Home' Trinidad and Tobago Guardian : August 17th 2016 Contents sports
tobagotoday.co.tt AUGUST 17 - 23, 2016
RIO DE JANEIRO --- Jamaica s Usain
Bolt stepped into the realms of immor-
tality when he won his third-consecutive
100 metres title in a season s best 9.81
seconds inside the Olympic Stadium here
on Sunday night.
Bolt became the first man to win three
Olympic 100m titles by beating his American
rival Justin Gatlin for his seventh Olympic
gold medal. And if there were any doubts as
to who is the greatest sprinter of all time, the
argument was settled once and for all.
Running out of lane five, Bolt had the sec-
ond-slowest reaction time and was slowly
away from the starting blocks, but once he
got into his stride, the race was all over. He
went past early leader Gatlin and even had
enough time to once again celebrate by hitting
his chest before crossing the line.
His winning time was his slowest of all his
championship victories, and he was still .08-
second faster than Gatlin, who clocked 9.89
seconds. Canadian Andre De Grasse snatched
the bronze medal in 9.91, just ahead Jamaica s
Yohan Blake in fourth with a season s best
of 9.93 seconds.
Bolt had previously won the Olympic 100m
titles in Beijing in 2008 and London in 2012.
His country woman Shelly-Ann Fraser-Pryce
had failed in her bid to add to her 2008 and
2012 Olympic triumphs in the 24 hours ear-
After the race, approximately 57,000
screaming fans inside the Olympic Stadium
chanted his name --- "Usain Bolt, Usain Bolt"
as the global superstar made his customary
victory lap, saluting the spectators in the
A picture of his mother s image appeared
on the huge television screens and the cheers
grew louder. She appeared just as excited as
Bolt, at 29 years old, is one of the most
recognisable and popular athletes in the world,
and he didn t disappoint his fans.
He was the master of ceremonies probably
for the last time at the Olympic Games. He
orchestrated the celebrations every stop he
made. He even gave Vinicius --- the official
mascot of the Rio Olympics --- a joyride
around the stadium. The writing was on the
wall from the semi-final earlier when Bolt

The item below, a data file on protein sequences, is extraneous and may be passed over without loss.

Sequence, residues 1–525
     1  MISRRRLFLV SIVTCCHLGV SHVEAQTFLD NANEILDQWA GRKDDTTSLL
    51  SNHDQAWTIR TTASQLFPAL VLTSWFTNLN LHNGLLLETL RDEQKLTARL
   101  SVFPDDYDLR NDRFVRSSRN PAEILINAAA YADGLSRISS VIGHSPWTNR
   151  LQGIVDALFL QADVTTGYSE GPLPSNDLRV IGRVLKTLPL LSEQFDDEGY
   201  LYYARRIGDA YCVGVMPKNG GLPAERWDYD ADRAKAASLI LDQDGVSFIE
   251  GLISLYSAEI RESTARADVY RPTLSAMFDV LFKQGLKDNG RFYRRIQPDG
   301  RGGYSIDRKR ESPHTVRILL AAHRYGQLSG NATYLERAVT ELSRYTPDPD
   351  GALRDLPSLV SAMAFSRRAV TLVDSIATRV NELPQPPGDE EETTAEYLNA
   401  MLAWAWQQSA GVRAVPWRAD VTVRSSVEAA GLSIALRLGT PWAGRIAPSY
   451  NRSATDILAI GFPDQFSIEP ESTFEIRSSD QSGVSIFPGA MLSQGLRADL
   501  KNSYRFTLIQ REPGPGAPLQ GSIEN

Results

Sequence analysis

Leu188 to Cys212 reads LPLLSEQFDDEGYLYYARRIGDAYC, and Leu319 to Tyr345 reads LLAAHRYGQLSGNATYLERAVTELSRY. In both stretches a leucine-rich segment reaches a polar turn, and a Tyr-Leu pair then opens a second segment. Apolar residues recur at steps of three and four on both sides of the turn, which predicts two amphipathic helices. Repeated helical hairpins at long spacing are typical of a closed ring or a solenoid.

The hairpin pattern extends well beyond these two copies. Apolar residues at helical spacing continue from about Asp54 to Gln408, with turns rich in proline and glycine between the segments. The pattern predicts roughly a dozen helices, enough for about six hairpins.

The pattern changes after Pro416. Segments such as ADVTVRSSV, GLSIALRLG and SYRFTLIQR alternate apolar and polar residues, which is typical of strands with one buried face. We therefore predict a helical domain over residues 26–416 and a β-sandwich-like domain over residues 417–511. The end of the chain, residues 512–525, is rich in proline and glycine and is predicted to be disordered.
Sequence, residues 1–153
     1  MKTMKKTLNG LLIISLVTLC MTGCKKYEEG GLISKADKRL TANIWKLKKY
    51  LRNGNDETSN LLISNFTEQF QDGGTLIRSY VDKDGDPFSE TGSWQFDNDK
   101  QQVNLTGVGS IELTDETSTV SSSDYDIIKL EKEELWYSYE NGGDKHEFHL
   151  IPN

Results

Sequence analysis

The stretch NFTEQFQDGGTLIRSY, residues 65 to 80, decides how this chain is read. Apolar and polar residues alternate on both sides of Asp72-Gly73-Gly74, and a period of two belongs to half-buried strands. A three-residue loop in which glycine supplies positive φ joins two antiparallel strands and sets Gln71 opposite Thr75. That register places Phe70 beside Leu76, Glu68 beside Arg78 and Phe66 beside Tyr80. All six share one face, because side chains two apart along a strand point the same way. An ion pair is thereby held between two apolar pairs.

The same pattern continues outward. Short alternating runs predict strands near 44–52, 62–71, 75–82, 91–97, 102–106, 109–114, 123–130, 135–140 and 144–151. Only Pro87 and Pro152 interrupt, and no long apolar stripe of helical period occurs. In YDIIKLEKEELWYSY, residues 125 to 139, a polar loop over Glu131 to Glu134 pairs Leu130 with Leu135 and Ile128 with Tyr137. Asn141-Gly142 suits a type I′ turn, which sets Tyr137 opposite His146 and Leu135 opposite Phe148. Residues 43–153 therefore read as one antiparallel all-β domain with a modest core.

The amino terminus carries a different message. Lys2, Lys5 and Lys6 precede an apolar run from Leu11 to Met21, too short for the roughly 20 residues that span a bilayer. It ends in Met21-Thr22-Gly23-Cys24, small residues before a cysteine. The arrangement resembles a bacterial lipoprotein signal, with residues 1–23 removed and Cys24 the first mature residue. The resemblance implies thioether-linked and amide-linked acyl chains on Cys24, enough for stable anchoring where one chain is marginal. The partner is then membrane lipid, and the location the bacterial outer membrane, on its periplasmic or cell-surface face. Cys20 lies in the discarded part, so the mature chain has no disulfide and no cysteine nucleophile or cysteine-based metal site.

literally jogged 9.84 seconds. Gatlin had raced
90 metres before easing down in the last 10
metres for 9.94 seconds. The contest was as
good as over then.
Bolt, who is said to be more popular than
Brazilian legend Pele in some quarters, felt
the love from the partisan Brazilian crowd.
They cheered loudly when he stepped onto
the track, but once Gatlin --- twice suspended
for doping violations --- appeared, the boos
reverberated around the stadium.
The world record holder of the 100m (9.58),
200m (19.19) and the 4x100m relay (36.84),
Bolt saluted his fans, took selfies with a few,
hugged others, then gave his signature Light-
ning Bolt pose to raptuous applause and
showed why he is arguably the greatest sports-
"It was brilliant. I didn t go so fast, but
I m so happy I won. I told you guys I was
going to do it," Bolt told journalists before
explaining that the break between the semi-
finals and the finals had been shorter than
usual, which restricted the time for him to
However, in an even more ominous warning
to his rivals, Bolt said he was looking forward
to challenging the world record in the 200m.
"The 200 metres will be the sweetest one,"
he told reporters, while revealing that he was
shocked by the booing in the stadium aimed
"I was surprised by it. It was shocking; the
first time I heard booing in a stadium. How-
ever, I just focused on my job and got it done,"
The search is on for a new general
secretary of the Tobago Football Asso-
ciation (TFA), following the resignation
of Everton Alfred last week.
Alfred resigned due to differences with
TFA executives, TFA president Anthony
Moore said.But a board member of the T&T
Football Association, who wished to remain
anonymous, said Alfred submitted a letter
to new football association president David
John-Williams in which he described Moore
as a dictator. The matter stemmed from a
club that has been seeking re-entry into the
TFA League this season, following their sus-
pension back in 2013 for the use of an
ineligeable player two years ago. According
to Moore, the TFA felt the club should be
accepted as it contained a number of amateur
players seeking development and recreation.